”When asked what Serbia is like, I always answer – Serbia is simple, but it has everything one needs to lead a decent life. It’s all sort of organized, the rules are clear. When it’s time to work, they work with dedication. But there’s also time for pleasure. Although the paychecks aren’t as large as those in the Western European countries, the people are kind and beautiful on the inside. That may well be what I love the most about Serbia”, says the twenty seven-year-old Luna, a young doctor from the Middle East, who has been living in Belgrade for the past eleven years.

As a daughter of a business man, Luna packed her hopes and dreams eleven years ago and brought them to Belgrade all the way from the Middle East. The then-sixteen-year-old girl courageously stepped into a new culture and a new way of life, though she never forgot the traditions of her motherland and has honored man her roots, faith and ancestors. Her life philosophy is altruism, so it is no accident that Luna is now a doctor, devoted to selflessly helping others.

Although no one in my family was a doctor, I’ve dreamed of the wearing the white coat and helping others since I’ve been a child. I always used to play doctor. I remember being around ten, saving up the money I got from my family. My mother once asked my what I was going to spend all of it on, and I said – I’m going to build a hospital!”, Luna begins.

She was born in a capital city in the Middle East, but she moved to the golf in early childhood due to her father’s career. She recalls the golf as a comfortable place to grow up in, where she first encountered modern technology, went to a cinema, strolled around shopping malls, but also the place where she started her education at a prestigious school. She had always been an exceptional student, never lacking in ambition, with her parents having taught her the core life values.

I truly made an effort to be a diligent student and I always god praised for it. It was important for me to get a good education. My mother is a psychologist and she’s my role model. I’m grateful to her for teaching me what matters in life – to be a good person, to be humane, but also that knowledge is the only just weapon”, Luna points out.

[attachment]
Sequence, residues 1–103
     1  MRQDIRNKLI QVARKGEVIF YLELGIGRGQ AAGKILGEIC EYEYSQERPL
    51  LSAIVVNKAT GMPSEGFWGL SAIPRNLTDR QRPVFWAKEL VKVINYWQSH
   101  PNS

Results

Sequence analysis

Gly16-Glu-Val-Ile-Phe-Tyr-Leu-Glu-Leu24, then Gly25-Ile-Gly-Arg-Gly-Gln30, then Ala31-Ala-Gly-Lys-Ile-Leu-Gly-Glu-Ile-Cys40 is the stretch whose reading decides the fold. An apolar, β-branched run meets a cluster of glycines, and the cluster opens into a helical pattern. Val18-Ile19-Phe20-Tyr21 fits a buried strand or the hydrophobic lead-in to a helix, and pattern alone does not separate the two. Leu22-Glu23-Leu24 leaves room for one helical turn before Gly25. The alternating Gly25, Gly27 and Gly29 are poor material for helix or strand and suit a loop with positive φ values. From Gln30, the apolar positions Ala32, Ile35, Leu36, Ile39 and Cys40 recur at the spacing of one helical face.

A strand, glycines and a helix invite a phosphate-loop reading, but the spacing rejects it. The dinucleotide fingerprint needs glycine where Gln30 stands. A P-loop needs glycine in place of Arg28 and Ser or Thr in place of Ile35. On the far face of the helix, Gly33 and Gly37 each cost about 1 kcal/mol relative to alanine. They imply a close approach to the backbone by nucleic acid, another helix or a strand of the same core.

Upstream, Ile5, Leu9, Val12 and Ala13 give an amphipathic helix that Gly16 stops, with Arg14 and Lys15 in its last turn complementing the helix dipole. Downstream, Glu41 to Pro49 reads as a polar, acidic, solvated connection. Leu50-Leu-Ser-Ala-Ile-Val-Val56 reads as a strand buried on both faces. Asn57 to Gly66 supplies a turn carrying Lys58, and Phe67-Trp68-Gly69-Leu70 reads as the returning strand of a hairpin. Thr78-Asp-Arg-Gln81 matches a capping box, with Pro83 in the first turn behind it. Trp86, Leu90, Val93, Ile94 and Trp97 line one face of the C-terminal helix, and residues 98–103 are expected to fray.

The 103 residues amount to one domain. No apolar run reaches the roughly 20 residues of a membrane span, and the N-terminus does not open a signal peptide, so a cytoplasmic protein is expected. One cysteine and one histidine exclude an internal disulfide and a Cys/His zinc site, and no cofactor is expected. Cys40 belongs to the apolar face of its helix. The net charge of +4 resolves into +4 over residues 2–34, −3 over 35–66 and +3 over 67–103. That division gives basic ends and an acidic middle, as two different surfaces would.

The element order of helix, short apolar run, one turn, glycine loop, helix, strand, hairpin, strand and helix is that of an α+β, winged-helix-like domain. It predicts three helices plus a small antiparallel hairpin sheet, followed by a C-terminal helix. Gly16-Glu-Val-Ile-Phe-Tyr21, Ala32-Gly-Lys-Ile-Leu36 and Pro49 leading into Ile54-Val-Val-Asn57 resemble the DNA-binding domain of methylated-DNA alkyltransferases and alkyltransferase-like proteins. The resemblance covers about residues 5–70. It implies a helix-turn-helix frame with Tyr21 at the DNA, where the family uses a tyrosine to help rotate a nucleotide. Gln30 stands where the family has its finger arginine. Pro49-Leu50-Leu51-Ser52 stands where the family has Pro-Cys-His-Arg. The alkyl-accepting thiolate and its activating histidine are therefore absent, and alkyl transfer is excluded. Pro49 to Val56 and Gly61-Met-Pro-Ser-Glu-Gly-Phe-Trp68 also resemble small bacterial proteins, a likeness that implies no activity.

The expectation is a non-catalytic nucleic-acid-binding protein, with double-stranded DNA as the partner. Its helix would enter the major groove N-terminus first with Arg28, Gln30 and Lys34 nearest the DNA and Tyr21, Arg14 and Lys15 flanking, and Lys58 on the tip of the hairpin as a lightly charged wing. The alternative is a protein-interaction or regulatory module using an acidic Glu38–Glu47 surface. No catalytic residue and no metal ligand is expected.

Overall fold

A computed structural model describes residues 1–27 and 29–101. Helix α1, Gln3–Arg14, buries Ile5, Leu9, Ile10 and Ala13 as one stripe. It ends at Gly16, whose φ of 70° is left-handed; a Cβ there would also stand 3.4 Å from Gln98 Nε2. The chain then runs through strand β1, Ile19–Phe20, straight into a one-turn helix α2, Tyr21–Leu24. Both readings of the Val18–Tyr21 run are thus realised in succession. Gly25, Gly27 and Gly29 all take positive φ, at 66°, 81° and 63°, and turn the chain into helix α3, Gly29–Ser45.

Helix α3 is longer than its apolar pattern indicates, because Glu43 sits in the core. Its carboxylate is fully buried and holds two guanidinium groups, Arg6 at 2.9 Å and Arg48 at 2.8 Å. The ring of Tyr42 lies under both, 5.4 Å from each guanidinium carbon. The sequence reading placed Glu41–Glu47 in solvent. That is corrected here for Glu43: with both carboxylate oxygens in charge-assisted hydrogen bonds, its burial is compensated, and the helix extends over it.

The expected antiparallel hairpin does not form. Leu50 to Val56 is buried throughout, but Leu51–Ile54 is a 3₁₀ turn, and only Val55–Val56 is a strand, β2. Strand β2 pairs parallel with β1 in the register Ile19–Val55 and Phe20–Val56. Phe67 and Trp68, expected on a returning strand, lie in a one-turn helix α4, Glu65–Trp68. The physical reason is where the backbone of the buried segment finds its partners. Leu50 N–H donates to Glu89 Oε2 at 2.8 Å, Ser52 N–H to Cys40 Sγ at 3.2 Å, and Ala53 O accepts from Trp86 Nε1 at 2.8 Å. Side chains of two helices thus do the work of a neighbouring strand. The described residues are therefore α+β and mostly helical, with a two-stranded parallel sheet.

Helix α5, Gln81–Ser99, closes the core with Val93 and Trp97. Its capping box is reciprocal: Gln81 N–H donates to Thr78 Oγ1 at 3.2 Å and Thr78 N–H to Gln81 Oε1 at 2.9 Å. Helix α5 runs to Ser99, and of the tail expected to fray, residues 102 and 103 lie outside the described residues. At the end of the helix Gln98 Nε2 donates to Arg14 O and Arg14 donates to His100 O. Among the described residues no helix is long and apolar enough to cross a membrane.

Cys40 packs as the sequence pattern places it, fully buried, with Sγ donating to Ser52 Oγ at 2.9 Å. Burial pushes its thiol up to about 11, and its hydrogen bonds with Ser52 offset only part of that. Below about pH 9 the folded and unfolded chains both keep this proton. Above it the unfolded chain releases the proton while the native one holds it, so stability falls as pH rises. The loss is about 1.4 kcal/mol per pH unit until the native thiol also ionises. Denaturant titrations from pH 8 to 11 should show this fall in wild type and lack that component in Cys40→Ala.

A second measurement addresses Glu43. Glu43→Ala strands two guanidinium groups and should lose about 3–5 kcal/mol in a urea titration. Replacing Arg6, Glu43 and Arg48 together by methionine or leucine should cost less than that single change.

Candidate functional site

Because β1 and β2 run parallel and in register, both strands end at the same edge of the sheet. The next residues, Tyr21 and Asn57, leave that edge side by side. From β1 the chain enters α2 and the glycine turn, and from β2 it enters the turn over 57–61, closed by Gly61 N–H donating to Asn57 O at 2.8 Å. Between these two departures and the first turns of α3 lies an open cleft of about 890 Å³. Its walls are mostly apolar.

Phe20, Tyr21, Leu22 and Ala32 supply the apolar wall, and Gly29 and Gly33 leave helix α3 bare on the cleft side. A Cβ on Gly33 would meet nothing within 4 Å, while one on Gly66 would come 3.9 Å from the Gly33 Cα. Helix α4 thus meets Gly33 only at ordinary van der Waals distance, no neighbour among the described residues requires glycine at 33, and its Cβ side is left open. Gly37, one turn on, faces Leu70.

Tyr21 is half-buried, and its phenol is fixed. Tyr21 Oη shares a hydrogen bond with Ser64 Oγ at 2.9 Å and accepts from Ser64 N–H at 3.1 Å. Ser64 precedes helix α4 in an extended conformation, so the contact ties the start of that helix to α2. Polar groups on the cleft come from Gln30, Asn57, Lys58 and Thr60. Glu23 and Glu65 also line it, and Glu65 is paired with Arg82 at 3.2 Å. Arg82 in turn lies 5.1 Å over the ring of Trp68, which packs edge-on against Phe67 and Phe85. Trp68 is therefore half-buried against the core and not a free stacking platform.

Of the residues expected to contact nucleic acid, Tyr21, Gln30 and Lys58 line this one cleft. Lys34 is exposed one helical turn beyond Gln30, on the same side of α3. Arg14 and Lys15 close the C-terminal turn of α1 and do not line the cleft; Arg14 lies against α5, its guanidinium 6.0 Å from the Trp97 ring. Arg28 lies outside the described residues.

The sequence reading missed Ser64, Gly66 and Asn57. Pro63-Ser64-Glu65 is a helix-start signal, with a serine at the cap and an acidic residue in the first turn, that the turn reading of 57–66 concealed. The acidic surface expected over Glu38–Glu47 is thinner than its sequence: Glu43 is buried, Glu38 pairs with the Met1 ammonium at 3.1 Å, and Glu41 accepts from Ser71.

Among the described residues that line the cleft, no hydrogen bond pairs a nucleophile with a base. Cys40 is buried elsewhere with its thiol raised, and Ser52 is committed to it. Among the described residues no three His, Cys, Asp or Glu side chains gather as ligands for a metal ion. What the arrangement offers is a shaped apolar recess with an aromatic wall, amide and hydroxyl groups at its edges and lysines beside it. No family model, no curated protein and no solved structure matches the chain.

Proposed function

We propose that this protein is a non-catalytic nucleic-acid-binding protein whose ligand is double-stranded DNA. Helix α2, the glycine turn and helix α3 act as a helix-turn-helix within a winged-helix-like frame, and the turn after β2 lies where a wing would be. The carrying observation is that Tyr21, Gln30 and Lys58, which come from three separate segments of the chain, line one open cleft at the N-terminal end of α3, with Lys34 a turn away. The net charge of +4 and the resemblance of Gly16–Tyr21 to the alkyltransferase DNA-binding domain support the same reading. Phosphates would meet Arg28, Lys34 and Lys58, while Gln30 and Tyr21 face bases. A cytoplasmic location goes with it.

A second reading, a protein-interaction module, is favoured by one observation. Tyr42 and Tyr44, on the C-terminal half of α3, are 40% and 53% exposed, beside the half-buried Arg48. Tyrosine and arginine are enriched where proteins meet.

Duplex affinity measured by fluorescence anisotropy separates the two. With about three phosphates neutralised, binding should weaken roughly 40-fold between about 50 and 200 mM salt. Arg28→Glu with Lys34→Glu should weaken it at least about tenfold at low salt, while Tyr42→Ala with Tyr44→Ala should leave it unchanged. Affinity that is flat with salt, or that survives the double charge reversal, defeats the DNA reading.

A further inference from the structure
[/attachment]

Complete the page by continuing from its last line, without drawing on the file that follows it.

The now-young and ambitious doctor remembers her return to home country by her cousins – primarily her grandmother, who has been endless source of insights into the past.

Sometimes my cousins wondered why I didn’t find such stories boring, but I enjoyed discovering the past through the lives of the people I love. My grandma got me hooked to mint tea and I haven’t had a tastier tea to this day. Besides, she’s an amazing cook… I miss the tastes and smells of her cuisine“, Luna says wistfully and adds that while the golf countries provided her with more opportunities to use modern technology, more available activities, while back home had the most important thing – a family united.

However, her family decided to move to Serbia so that her father could resume his business. Luna remembers 15th April 2010, the day she first came to this country, the country she didn’t yet dream would be where she would first put on the white coat and get her work license.

Belgrade was an encounter with a different culture, but I’ve always believed that people were people, and that the true difference is only whether or not one is a good person. I enthusiastically graduated from Arabic High School and enrolled at the Faculty of Medicine in Belgrade. I remember the excitement when I first came for an interview at the Faculty of Medicine, with my father. I had researched the differences in curriculums of the subjects for the entry exam. I realized that Serbian schools taught chemistry more in-depth, particularly biochemistry, so I started taking private lessons“, Luna recalls, adding that she passed the entry exam in English, as she didn’t yet speak Serbian at the time.

She admits that her first year at the Faculty was the most difficult period of her life. New environment, new people, too many obligations…

Only then did I realize that reaching lofty goals takes much, much work, and even more sacrifices and compromise. I was particularly afraid of failure, or just not passing an exam. It was unthinkable for me to spend time with friends during exam weeks. Mother and father always believed in me and supported me”, Luna points out and confidently adds that she graduated with a high GPA and got her work license.

Sadly, despite having been an exceptional student and the hefty experience she’d gained volunteering at a private clinic, Luna still hasn’t gotten the chance to do a residency in Gynecology and fully realize her dream. Still, she says, she will never give up on the residency she wants.